Russian hackers launch multiple attacks against US election

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Russian hackers are targeting US server infrastructure with brute-force attacks ahead of the 2020 election according to new research from the VPN (opens in new tab) company NordVPN (opens in new tab).

Researchers commissioned by the firm have observed a huge increase in the number of brute-force attacks (opens in new tab) against servers in the US which have spiked by 98 percent.

The findings themselves come from a “Cyber Honeypot” or a cluster of servers set up to mimic real-life servers and trick cybercriminals into attacking them. Over the course of two months, the Cyber Honeypot was attacked on a daily basis but recent attacks stood out due to the number of attackers attempting to break into its servers.

Digital privacy expert at NordVPN Daniel Markuson provided further insight on the recent uptick in attacks, saying:

“Attacks targeted at SSH and Telnet honeypot designed to log brute force attacks. Attempts to break in skyrocketed, reaching a 98% uplift overnight. What is interesting, that half of all attacks came from a single network without efforts to disguise that it originated from Petersburg, Russia.”

Increase in cyberattacks

According to Markuson, the Russian hackers behind this latest series of attacks may have been trying to take advantage of the fact that the public is too busy monitoring the results of the US 2020 election instead of their own cybersecurity.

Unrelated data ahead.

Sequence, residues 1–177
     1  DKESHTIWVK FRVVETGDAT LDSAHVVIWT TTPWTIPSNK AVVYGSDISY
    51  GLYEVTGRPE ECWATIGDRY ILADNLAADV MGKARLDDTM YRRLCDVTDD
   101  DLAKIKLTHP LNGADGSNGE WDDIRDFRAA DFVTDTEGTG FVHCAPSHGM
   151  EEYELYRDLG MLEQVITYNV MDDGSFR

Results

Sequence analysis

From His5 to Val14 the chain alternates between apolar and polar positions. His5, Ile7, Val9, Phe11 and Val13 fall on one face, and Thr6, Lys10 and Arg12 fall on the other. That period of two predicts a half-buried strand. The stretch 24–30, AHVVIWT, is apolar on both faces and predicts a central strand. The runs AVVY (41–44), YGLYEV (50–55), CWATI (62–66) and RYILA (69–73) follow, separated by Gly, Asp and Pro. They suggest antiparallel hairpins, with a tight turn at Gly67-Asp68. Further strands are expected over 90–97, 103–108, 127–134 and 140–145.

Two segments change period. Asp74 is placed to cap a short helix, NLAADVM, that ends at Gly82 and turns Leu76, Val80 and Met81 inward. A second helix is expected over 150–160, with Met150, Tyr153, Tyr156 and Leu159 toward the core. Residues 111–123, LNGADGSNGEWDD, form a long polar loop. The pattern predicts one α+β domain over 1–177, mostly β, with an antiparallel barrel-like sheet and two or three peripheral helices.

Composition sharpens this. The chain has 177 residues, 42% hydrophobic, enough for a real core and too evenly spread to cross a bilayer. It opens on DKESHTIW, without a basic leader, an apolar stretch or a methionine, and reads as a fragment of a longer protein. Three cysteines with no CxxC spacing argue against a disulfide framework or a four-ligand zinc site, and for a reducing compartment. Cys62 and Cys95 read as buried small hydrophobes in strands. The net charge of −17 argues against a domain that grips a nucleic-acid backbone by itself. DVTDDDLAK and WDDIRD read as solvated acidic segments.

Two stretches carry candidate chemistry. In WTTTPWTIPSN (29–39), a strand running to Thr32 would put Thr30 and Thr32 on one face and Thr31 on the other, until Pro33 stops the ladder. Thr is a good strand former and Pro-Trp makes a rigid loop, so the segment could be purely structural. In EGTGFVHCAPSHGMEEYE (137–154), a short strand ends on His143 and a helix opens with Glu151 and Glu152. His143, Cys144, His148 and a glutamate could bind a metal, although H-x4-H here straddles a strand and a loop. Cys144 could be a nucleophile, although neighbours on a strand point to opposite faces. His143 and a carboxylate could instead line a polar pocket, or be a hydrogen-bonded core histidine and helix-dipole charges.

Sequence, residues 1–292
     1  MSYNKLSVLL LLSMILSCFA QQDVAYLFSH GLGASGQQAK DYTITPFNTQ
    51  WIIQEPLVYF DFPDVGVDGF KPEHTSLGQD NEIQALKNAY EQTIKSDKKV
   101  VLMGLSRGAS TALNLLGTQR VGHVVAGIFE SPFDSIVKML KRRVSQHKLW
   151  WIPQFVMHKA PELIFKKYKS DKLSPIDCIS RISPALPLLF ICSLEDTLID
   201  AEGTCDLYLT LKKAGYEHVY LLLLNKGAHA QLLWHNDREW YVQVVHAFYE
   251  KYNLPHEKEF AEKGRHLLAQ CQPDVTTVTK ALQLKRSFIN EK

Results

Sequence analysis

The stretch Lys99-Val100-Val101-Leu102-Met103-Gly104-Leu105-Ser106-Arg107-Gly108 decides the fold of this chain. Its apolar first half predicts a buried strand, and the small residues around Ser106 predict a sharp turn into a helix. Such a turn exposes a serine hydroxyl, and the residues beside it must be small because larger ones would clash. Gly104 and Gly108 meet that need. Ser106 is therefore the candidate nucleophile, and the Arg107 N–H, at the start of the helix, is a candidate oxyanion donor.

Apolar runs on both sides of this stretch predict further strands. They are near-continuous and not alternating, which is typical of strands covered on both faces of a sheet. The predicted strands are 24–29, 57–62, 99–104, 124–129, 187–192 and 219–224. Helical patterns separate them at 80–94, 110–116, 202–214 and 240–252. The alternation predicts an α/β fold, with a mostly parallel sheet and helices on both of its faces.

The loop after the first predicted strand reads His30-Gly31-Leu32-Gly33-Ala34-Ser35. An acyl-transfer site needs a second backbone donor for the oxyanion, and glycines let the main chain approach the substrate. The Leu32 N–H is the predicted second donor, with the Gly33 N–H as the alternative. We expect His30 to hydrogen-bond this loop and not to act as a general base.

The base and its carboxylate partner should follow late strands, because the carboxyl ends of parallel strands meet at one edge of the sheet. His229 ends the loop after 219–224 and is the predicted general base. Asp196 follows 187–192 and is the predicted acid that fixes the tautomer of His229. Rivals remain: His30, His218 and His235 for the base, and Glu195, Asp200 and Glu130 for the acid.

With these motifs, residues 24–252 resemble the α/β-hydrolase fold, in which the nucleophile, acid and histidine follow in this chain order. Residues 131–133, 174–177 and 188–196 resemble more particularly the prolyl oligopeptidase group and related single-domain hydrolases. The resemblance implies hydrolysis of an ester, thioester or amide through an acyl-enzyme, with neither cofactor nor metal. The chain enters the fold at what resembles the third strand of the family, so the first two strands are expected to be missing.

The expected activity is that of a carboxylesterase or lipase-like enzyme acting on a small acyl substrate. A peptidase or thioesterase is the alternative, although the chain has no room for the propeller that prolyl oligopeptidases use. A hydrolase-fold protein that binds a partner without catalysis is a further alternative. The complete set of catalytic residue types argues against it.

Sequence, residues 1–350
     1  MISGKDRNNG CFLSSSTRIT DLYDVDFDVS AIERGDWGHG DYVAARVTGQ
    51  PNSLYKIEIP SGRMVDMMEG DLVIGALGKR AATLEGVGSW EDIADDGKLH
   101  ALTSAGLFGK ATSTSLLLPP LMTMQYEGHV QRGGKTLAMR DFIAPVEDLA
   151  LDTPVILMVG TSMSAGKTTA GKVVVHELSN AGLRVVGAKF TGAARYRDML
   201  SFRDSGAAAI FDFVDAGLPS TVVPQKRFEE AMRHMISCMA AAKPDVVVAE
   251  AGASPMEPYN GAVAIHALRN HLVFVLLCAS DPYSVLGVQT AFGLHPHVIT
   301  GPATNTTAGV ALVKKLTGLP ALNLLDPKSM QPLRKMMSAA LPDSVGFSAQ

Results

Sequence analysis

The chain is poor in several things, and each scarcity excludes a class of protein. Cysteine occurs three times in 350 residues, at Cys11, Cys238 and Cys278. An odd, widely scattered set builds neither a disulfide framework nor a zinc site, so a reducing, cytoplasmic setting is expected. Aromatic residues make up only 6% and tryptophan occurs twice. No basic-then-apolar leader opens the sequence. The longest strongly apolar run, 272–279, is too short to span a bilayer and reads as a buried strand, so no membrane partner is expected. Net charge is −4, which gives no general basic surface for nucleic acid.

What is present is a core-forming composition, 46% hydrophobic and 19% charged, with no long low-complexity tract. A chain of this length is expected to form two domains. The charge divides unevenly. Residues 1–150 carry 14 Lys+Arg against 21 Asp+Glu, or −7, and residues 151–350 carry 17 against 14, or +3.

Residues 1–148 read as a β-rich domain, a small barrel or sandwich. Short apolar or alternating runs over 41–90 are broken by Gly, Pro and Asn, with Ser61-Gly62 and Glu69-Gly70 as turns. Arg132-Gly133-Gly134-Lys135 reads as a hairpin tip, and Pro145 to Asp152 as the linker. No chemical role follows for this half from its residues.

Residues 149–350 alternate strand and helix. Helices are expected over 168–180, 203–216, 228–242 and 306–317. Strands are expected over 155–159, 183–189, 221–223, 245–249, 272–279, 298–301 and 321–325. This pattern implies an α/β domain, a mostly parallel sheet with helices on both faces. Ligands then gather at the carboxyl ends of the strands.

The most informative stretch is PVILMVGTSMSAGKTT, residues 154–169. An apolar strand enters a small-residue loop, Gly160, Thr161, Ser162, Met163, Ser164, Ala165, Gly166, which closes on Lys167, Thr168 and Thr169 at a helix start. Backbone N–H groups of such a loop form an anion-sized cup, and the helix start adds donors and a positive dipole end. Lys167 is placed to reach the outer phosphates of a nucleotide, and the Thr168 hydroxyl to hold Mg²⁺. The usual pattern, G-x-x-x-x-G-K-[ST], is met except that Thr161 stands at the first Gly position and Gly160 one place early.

Security researchers use honeypots (opens in new tab) as a means to understand what types of attacks are trending and what types of malware (opens in new tab), viruses and attacks are currently being used by cybercriminals. Based on the information gleaned from honeypots, businesses and cybersecurity experts can better protect themselves against the latest cyber threats.

Markuson also urged both businesses and consumers to take a more proactive stance when it comes to their own cybersecurity posture, saying:

“Members of the public, corporations, and governments alike, must develop a good habit of taking cyber protection measures by default. Websites should be using HTTPS protocols by default; databases should not be left unprotected; and individuals should be strongly advised to surf the net using a VPN to protect themselves from eavesdropping and attacks.”

Anthony Spadafora

After working with the TechRadar Pro team for the last several years, Anthony is now the security and networking editor at Tom’s Guide where he covers everything from data breaches and ransomware gangs to the best way to cover your whole home or business with Wi-Fi. When not writing, you can find him tinkering with PCs and game consoles, managing cables and upgrading his smart home.